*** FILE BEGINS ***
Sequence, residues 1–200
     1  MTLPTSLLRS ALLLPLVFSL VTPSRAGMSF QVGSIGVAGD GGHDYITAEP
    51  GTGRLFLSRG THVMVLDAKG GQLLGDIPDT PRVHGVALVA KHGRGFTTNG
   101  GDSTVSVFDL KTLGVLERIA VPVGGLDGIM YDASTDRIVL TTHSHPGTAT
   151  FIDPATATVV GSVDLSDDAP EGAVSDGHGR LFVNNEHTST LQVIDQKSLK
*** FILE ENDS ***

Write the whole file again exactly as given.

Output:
Sequence, residues 1–200
     1  MTLPTSLLRS ALLLPLVFSL VTPSRAGMSF QVGSIGVAGD GGHDYITAEP
    51  GTGRLFLSRG THVMVLDAKG GQLLGDIPDT PRVHGVALVA KHGRGFTTNG
   101  GDSTVSVFDL KTLGVLERIA VPVGGLDGIM YDASTDRIVL TTHSHPGTAT
   151  FIDPATATVV GSVDLSDDAP EGAVSDGHGR LFVNNEHTST LQVIDQKSLK